By Jason Foumberg
To coincide with Newcity’s annual feature, Lit 50: Who Really Books in Chicago, and the Printers Row Lit Fest (June 7-8), we asked a handful of visual artists for recommendations and anecdotes about books that have had profound influence on their artistic perspectives.
Mindy Rose Schwartz: How to gift a book. My favorite book to gift is one I got as a gift from a dear friend who is a flawless gift giver—”On Ugliness,” by Umberto Eco. The pictures and writing are fascinating and beautiful and, of course, disgusting. You can’t put it down. It’s a great and satisfying combination of creepiness, humor and kind of a sick feeling in my stomach. It’s not every gift that can deliver all that. Mindy Rose Schwartz shows through June 29 at Queer Thoughts, 1640 West 18th, #3.
Richard Rezac: His sculptures are like poems. As a young art student in Portland, Oregon, enrolled in my first poetry course, William Carlos Williams’ book “Pictures from Brueghel and Other Poems,” from 1962, imprinted the value in looking closely, and looking at those things close at hand. Williams’ poetry is direct and plainspoken yet worldly, allowing the strength of suggestion the instrumental role. His set of poems ruminating on Brueghel’s paintings are especially resonant, directed as they are to works of art: “a splash quite unnoticed/this was/Icarus drowning.” Richard Rezac, “Signal,” shows through July 25 at Rhona Hoffman Gallery, 118 North Peoria.
Matthew Girson: On reading difficult books. I read a lot of philosophy and, admittedly, most of it goes over my head, but it points me in a direction that I can follow intuitively. The same is true with poetry. The best of it has no bottom line, or clear conclusions, or even any known thesis. Lately I’ve been carrying Paul Celan’s “Selections” (edited and with an introduction by Pierre Joris) everywhere I go. Celan’s poetry is difficult and doesn’t lend itself to easy interpretation or any answers. It hints and prods at meaning, inspiring me to grope through the forms and their associations, but the best poems defy meaning and leave me only with form. I hope my paintings operate the same way. Matthew Girson, “The Painter’s Other Library,” shows through August 10 at the Chicago Cultural Center, 78 East Washington.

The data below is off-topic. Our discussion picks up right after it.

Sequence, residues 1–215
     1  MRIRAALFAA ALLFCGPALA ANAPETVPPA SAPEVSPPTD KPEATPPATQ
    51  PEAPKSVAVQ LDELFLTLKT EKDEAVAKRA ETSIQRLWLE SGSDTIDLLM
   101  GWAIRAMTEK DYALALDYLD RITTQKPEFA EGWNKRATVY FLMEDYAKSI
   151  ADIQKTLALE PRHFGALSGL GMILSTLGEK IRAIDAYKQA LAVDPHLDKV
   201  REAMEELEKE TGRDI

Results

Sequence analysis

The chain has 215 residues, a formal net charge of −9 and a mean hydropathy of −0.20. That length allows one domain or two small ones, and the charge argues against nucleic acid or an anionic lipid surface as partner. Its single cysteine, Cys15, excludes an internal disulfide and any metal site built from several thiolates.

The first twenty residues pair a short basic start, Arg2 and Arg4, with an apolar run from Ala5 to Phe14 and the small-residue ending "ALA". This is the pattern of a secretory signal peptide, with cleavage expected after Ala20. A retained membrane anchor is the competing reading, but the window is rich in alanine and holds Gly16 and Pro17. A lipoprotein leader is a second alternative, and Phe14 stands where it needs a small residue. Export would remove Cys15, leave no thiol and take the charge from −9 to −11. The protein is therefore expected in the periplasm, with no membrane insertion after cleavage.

Isaac Tobin: Do judge a book by its cover. Most of the books we publish at the University of Chicago Press are nonfiction, so it’s always a fun change of pace when I get to design a novel. We’re republishing “Time for Frankie Coolin,” written by Bill Granger (under the pen name Bill Griffith) in 1982, and I was lucky enough to design it. The novel is about crime, race, class, toxic masculinity and the many bad decisions that seem to doom Frankie Coolin to “time” in prison. The design needed to suggest all of that, so I drew some iconic Chicago apartments against a hot summer night sky and tried to capture the claustrophobic feeling of looming disaster that hangs over Frankie with the stacked title typography. Isaac Tobin is senior designer at the University of Chicago Press. His cover art is on view in CHGO DSGN through November 2 at the Chicago Cultural Center, 78 East Washington.
Tony Tasset says, Read locally sourced art writing. Lately I’ve been recommending “Your Everyday Art World” by Lane Relyea, an associate professor at Northwestern University in the School of Art Theory and Practice. Reylea makes a good case for a major paradigm shift in the art world, going from institutions and hierarchies to networks and temporary platforms. The artist of the future needs a passport and a malleable set of skills. This book feels very prescient and I feel terribly old-fashioned. Tony Tasset, “Spill Paintings,” shows through July 26 at Kavi Gupta Gallery, 835 West Washington.